Today’s Question: Like perhaps every photographer out there, I’m familiar with the “rule of thirds”. But I didn’t know about the “golden spiral” until I saw it as an option for a crop overlay. I looked it up and read about it, and it didn’t really make a lot of sense to me. Do you think this is a “rule” I should be paying attention to in my photography?
Tim’s Quick Answer: I put the Golden Spiral “rule” in the same category as the Rule of Thirds. Put simply, I think it can be helpful to be familiar with the concepts behind these guidelines for composition, but you shouldn’t feel the need to strictly apply these “rules” to your photography.
More Detail: Let’s start with the Rule of Thirds. From my point of view, the Rule of Thirds is not really aimed at making sure you align a key subject precisely along a line dividing the image into one-third increments. Rather, this rule is a “shorthand” for a concept, aimed at helping ensure you achieve a degree of balance, interest, and perhaps symmetry in a given photo.
For example, I tend to think about the Rule of Thirds as being more about balancing the “weight” of subjects in the frame, rather than being about strict positioning within the frame. It is often more interesting (and feels more balanced) to have a key subject off to the side, adding considerable “weight” to that side of the frame, with a relatively open space on the other side balancing out that weight.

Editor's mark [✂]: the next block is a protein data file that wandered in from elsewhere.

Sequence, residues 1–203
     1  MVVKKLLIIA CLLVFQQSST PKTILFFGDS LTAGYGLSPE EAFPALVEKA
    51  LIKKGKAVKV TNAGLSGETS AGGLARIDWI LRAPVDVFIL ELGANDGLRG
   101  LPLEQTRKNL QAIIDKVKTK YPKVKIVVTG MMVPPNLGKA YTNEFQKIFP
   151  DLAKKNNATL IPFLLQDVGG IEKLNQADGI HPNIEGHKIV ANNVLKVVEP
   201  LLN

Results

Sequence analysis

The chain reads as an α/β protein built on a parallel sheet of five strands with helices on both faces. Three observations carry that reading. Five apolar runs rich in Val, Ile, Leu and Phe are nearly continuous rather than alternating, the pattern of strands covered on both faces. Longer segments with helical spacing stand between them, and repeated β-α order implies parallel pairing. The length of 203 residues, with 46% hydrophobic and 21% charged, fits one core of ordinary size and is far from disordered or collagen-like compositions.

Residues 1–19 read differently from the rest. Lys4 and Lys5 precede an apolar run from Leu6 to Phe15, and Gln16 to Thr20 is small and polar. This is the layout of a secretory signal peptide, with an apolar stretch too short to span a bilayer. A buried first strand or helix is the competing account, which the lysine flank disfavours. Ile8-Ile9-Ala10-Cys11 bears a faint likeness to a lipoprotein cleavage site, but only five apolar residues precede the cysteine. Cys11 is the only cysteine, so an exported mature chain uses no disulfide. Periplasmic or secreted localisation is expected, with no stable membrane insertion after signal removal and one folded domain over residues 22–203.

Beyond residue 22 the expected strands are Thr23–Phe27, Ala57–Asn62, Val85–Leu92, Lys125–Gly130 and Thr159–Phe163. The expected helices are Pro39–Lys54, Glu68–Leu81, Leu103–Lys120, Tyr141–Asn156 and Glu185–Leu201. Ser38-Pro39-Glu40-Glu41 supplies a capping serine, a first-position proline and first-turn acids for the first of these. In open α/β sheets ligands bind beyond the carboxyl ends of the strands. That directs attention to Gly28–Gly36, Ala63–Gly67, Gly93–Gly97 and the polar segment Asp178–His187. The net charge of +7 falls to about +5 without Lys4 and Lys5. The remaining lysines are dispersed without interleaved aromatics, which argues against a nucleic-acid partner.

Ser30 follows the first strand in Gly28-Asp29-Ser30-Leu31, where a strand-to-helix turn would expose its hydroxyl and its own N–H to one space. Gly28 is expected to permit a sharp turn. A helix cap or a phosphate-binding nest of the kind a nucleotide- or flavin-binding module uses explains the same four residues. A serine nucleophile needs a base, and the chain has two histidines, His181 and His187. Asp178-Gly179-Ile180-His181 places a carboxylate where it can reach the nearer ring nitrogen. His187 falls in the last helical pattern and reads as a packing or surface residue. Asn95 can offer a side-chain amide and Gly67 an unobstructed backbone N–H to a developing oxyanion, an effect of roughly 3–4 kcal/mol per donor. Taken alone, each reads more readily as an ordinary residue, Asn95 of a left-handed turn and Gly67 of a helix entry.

The Golden Spiral is similarly focused on the distribution of the key subject (and secondary subjects) within the frame. But the spiral itself rarely applies completely to a photographic scene. Very often when I see photos that have the Golden Spiral as an overlay on the image, the photo itself only loosely matches the shape of the spiral. More often than not I get the feeling that the photographer may have simply found an image that worked reasonably well with the Golden Spiral overlay, rather than actually employing the Golden Spiral at the time of capture.
That’s not to say that the Golden Spiral is somehow “bad”, or that you should ignore this guideline of composition. Indeed, my feeling is that it is worthwhile to gain familiarity with guidelines such as the Golden Spiral, which can provide a degree of consistency and balance when applied effectively in a photograph.
So, I encourage you to learn about these various ratios and look for scenes that lend themselves to those ratios. I simply recommend using these various “rules” as compositional guides rather than taking a dogmatic approach. Allow these various rules to help you better see the world, but don’t get locked into always using a specific compositional guideline. The various rules of composition can help you better see the optimal composition so you can make better decisions about your framing, but there is more to making a great photograph than employing mathematical ratios in the composition.